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United States Department of Agriculture

Agricultural Research Service

Title: Application of Field-Scale Models and Georeferenced Data to Estimate Residual Nitrogen from Agriculture in the Mississippi River Basin

Authors
item Burkart, Michael
item James, David

Submitted to: Trans American Geophysical Union
Publication Type: Proceedings
Publication Acceptance Date: December 10, 1998
Publication Date: N/A

Technical Abstract: Nitrate is the principal nutrient transported through the Mississippi River basin that is associated with hypoxia in the Gulf of Mexico. Agricultural practices are major contributors to the nitrogen load of the River. This paper defines the geographic distribution of major agricultural sources and losses of nitrogen in the Mississippi River basin. The estimates of nitrogen residuals were developed by applying basic models of soil, plants, and atmospheric processes that cycle nitrogen to geographically referenced national and regional data bases. Sources include inorganic fertilizer, manure, atmospheric deposition, mineralizable nitrogen from soil organic matter, nitrogen fixed by crops, and redeposition of locally derived ammonia. Losses include crop harvests, losses to the atmosphere through volatilization of manure, inorganic fertilizer, plant senescence, and denitrification of soil nitrate. The hydrologic units with the largest residual nitrogen contributions potentially available to streams are located in the Upper Mississippi River and the Ohio River basins. Mineralizable nitrogen in the organic rich soils, inorganic nitrogen fertilizer, legume fixation, and redeposition of locally derived ammonia constitute the major sources in this part of the Mississippi basin, although manure adds to the sources as well. However, these northern hydrologic regions utilize a greater fraction of the sources to produce crop nitrogen than do the southern hydrologic regions. Residual contributions to the Tennessee, Arkansas/Red, and Lower Mississippi hydrologic regions are greatest when analyzed as a percent of the total sources.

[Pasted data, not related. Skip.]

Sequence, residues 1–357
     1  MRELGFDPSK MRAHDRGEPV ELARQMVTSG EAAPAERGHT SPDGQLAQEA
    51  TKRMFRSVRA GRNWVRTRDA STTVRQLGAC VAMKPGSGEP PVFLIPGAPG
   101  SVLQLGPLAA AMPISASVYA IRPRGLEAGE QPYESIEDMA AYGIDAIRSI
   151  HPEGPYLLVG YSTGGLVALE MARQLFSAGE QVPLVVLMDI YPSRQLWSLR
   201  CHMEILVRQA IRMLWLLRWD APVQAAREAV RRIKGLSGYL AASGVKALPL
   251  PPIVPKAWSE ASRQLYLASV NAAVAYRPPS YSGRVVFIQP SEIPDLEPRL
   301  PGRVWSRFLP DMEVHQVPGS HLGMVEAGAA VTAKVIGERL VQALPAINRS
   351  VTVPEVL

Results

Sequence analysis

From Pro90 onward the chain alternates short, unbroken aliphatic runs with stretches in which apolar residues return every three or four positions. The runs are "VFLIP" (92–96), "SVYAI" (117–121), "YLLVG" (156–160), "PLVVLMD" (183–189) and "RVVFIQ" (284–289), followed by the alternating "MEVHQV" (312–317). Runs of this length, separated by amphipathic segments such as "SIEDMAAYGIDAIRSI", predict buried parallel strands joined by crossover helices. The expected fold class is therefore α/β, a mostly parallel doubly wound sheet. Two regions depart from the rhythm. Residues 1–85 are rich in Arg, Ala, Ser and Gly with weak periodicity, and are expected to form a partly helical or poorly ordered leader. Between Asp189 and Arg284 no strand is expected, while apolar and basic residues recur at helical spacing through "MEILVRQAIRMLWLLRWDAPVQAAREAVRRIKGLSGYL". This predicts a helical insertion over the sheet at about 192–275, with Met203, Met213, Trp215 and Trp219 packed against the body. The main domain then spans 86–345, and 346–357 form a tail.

Last Modified: 7/28/2014
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